I am very picky about my Sherlock Holmes. For me, it doesn’t get any better than Jeremy Brett (and Guy Ritchie can go fuck himself). But this… The BBC’s update of Holmes is…well, it’s incredible. Benedict Cumberbatch as Holmes. Martin Freeman as Watson. Steven Moffat at the helm. The only problem I have with Sherlock is that there were just not enough episodes in the first season. More, please.

9. Doctor Who (BBC)

I was honestly quite nervous when I first heard about David Tennant leaving Doctor Who. I loved his incarnation of The Doctor. Then I saw Matt Smith (and, to be fair, Karen Gillan). This latest season of Doctor Who–with Steven Moffat taking over for Russell T. Davies–feels like a completely new show. And I don’t mean that as a criticism. There was a freshness to this season, and I quite like it.

10. Rizzoli & Isles (TNT)

I haven’t read the series of novels by Tess Gerritsen upon which this show is based (loosely, I’m led to believe, not unlike how Bones is “inspired by” Kathy Reichs’ novels), but a show with a detective and a coroner who are best friends is right up my alley.

Fall 2008 DVR Losers

Back at the start of the Fall 2008 TV season, I wrote two posts about the shows that I had programmed into my nifty little DVR (you can read Part One here, and Part Two here).  For the most part, a lot of my returning favorites–House, NCIS, Big Bang Theory, Bones–have held up their end of the bargain.  I’ve also discovered Crusoe, a fun little romp (which I’ve christened “bamboo-punk”) that slipped under my pre-season radar.  And, of course, the Great Office Experiment has cleary been very, very successful.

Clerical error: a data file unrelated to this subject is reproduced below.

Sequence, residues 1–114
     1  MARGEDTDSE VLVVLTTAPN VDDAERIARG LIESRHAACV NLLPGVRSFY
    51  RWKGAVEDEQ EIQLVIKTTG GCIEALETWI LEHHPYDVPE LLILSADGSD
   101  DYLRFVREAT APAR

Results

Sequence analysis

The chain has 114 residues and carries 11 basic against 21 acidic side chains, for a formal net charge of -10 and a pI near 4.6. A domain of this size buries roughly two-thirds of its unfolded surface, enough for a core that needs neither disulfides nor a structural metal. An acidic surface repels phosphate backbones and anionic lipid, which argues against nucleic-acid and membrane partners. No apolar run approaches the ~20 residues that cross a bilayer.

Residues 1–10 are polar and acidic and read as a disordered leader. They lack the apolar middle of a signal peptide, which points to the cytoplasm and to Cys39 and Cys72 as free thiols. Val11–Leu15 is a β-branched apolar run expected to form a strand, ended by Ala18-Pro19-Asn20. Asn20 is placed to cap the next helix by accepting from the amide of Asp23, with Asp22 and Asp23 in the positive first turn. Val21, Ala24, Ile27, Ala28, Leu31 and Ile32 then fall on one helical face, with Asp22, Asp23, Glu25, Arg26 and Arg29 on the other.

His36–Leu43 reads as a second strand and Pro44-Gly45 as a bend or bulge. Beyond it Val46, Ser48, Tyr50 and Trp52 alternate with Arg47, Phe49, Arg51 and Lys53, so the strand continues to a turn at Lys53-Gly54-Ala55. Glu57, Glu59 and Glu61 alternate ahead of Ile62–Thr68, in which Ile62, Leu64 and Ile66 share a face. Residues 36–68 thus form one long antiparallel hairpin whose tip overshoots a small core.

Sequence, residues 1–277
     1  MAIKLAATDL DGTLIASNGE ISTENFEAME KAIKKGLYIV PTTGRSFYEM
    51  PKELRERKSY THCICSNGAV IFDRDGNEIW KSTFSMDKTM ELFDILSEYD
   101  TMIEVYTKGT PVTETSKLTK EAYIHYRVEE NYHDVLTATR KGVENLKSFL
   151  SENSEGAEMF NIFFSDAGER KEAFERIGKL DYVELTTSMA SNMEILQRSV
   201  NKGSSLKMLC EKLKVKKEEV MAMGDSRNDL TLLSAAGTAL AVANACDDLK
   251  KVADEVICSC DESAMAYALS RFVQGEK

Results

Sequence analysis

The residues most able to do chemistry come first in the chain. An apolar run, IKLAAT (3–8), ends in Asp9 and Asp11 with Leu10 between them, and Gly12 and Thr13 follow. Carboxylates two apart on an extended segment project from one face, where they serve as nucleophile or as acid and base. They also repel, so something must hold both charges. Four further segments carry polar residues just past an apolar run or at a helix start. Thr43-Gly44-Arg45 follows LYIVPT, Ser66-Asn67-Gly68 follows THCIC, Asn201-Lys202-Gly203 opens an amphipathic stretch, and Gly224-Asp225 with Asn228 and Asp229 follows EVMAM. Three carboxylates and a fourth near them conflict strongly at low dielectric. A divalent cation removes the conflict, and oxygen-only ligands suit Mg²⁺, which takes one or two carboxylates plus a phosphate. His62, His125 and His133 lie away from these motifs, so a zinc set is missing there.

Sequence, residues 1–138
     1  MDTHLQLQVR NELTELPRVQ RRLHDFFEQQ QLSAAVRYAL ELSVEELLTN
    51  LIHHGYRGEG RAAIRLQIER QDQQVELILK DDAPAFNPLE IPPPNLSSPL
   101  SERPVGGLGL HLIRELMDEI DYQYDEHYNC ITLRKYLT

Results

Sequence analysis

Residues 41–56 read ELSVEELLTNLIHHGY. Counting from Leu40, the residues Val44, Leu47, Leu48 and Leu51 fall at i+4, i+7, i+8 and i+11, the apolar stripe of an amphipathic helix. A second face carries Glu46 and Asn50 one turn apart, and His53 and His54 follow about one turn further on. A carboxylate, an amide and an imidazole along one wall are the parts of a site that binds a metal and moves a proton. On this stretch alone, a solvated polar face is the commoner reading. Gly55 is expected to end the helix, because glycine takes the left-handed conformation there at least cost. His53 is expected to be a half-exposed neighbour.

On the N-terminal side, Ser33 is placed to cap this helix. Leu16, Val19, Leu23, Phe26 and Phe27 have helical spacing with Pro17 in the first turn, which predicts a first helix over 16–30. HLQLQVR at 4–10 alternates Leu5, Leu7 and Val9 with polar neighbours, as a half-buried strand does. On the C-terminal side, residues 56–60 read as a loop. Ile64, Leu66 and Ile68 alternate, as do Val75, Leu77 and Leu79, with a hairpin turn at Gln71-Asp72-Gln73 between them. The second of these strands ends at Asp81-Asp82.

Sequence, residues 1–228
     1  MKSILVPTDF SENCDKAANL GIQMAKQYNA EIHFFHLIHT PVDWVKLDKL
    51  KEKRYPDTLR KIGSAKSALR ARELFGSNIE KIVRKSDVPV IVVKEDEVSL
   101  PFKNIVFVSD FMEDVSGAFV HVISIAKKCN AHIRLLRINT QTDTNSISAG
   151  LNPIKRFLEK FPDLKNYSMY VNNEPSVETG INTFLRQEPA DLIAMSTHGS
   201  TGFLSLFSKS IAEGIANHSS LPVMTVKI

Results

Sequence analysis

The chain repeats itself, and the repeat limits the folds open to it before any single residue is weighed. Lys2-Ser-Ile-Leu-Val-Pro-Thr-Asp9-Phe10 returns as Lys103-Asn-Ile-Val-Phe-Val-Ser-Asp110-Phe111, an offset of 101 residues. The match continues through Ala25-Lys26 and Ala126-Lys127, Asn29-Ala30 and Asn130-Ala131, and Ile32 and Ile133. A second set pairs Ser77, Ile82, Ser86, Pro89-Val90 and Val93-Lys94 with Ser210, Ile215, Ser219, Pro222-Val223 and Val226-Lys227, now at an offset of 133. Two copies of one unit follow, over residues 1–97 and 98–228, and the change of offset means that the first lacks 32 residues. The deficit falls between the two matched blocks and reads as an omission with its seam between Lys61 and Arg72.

Unfortunately, you can’t have winners without a few losers (this ain’t Little League, after all).  Some of these losers brought it on themselves, others have had the status of “Loser” tattooed on them by The Powers That Be.

Knight Rider

I really, really, really wanted to like this updated version of a beloved show from my childhood.  I enjoyed the two-hour movie that served as a backdoor pilot last spring.  I didn’t have any problems with the cast (Will Arnett would have been hilarious as KITT, but Kilmer did a pretty good job).  So, imagine my surprise when I couldn’t even make it through the first episode of the series.  When I couldn’t make it through the second episode, it was deleted.

Life on Mars

I gave this a shot.  It wasn’t what I would call “bad”, but eventually I realized that I just didn’t care about the characters.  I don’t care why Detective Mars (yes, I know his name is Tyler) has travelled back in time.  Is he in a coma back in his present?  Don’t care.  Sorry.

My Own Worst Enemy

I kinda dug this show.  It was a fun way to unwind my brain after Heroes.  But, NBC has decided that no one watches it, so I have to bid adieu to Christian Slater’s split-personality secret agent.

Pushing Daisies